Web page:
I know that weekends are designed to include a good amount of relaxing, whether you’re going to a leisurely brunch or planted on the couch watching the Patriots massacre whichever team they happen to be playing that week. Speaking of the Patriots, have I ever mentioned that I once met Tom Brady? I’m almost certain that I have, as I try to work the subject into as many conversations as possible (like now.) It was the year after his first Super Bowl win and, ironically, I had no idea who he was. I met him at a movie premiere after-party that I was attending with my brother, and the three of us chatted for maybe 5 minutes. Nice guy. Decent looking too.
Julie to Jay (brother): “Who was that again?”
Jay (incredulously) to Julie: “Uh, seriously? Tom Brady. He’s the new quarterback for the Patriots. Where the heck have you been? You’re embarrassing.”
Julie in the corner, bragging on her cellphone to her new husband, a life-long Patriots fan: “You’ll never guess who I just met…..”
Today, of course, I’m a loyal Patriots supporter, especially since I’ve got a buddy on the team and all. I’m so glad that he’s found himself a nice, marginally attractive girl. I was getting very concerned that he was hung up on me.
So now that I’ve gotten completely off target, I’ll go back to my original point (and I did have one.) Despite the fact that you are supposed to kick back and be idle for at least part of the weekend, I’m just no good at it. Trust me, I’ve tried, and I acknowledge the fact that my inability to sit still can become very annoying. If I’m on the couch “watching” something, I’m also writing, reading, sorting, stacking…..you get the idea. I’ll also spend at least a few hours in the kitchen each day, either working on a new recipe or trying one for the stacks of magazines and cookbooks that I’ve dog-eared (at this rate, I’ll need to live to at least 175 in order to attempt them all.)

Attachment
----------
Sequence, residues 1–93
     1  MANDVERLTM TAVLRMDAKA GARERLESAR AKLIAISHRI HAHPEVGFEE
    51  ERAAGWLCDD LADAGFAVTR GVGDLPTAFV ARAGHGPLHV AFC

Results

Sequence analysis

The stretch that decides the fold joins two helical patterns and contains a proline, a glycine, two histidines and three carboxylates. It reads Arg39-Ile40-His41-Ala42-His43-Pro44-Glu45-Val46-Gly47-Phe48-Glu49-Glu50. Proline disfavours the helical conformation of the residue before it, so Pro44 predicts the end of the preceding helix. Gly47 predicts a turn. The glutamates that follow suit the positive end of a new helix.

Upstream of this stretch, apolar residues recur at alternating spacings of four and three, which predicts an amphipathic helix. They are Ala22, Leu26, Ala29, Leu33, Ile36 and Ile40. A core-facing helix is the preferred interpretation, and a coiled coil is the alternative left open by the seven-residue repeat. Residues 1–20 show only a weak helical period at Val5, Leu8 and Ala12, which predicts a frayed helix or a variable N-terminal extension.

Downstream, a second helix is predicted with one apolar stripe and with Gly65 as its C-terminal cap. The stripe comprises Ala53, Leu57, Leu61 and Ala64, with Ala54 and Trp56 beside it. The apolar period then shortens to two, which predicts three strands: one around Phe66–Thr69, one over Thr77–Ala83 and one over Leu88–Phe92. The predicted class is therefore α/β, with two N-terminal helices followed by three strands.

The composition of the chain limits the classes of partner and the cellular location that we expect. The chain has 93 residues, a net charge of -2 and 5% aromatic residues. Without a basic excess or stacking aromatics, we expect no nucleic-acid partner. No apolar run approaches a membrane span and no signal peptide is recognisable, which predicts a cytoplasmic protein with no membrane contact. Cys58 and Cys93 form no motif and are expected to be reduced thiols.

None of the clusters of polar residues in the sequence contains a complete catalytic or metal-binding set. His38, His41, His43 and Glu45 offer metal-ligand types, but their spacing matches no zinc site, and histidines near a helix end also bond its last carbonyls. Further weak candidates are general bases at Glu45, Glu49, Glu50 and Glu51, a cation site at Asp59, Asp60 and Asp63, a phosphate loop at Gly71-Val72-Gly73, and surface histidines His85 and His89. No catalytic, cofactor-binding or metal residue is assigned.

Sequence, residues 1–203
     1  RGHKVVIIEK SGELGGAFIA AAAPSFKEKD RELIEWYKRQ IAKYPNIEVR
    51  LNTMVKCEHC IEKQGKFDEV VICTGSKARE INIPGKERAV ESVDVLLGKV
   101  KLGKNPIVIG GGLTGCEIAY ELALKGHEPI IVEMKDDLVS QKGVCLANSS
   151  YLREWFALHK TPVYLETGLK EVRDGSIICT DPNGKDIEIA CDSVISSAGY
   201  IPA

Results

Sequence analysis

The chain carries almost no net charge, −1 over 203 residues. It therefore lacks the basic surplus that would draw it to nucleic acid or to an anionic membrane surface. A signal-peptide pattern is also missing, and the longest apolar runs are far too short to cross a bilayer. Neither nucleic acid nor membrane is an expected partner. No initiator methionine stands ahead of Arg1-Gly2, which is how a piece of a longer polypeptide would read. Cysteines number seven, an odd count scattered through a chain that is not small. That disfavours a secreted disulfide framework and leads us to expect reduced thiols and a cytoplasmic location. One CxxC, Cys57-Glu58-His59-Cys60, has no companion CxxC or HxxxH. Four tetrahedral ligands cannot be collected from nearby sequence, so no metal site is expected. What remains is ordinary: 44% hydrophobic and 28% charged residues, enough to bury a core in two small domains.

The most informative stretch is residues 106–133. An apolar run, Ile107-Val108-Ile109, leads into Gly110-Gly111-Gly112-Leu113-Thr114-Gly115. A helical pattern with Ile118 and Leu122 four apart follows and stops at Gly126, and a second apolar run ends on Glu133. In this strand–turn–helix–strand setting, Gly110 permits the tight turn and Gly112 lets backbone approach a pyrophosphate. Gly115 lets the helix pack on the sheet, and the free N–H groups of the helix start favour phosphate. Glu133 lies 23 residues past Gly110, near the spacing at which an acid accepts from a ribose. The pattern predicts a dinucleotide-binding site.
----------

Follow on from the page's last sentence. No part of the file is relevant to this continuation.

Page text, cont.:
During the fall and winter seasons, I tend to spend an above average amount of time in the kitchen. There are just so many wonderful seasonal ingredients to experiment with, and there are oodles of baking-appropriate occasions. I never get it all done, so my stack of ideas from one season generally carries over to the following year. My Sunday strategy is to bake first, clean second (yes mom, I do clean on occasion.) That way, not only can I get rid of that layer of flour that has inevitably coated my kitchen counter, but the house smells fantastic while I proceed with the drudgery. It makes even housework seem a bit sweeter.
These surprisingly easy pumpkin cinnamon rolls did the trick yesterday afternoon. Not only was there a buttery-yeasty smell of baking bread throughout the house, but a sweet brown sugar and spice one as well. Who needs Yankee Candles? I decided to use a combination of whole wheat and regular flours, so that the rolls would be a bit healthier and the texture would have a bit more “personality.” You can certainly use all regular flour if desired. My BFF Tom Brady would love these–I just know it. Here are my extra tips for preparing these sweet pumpkin treats: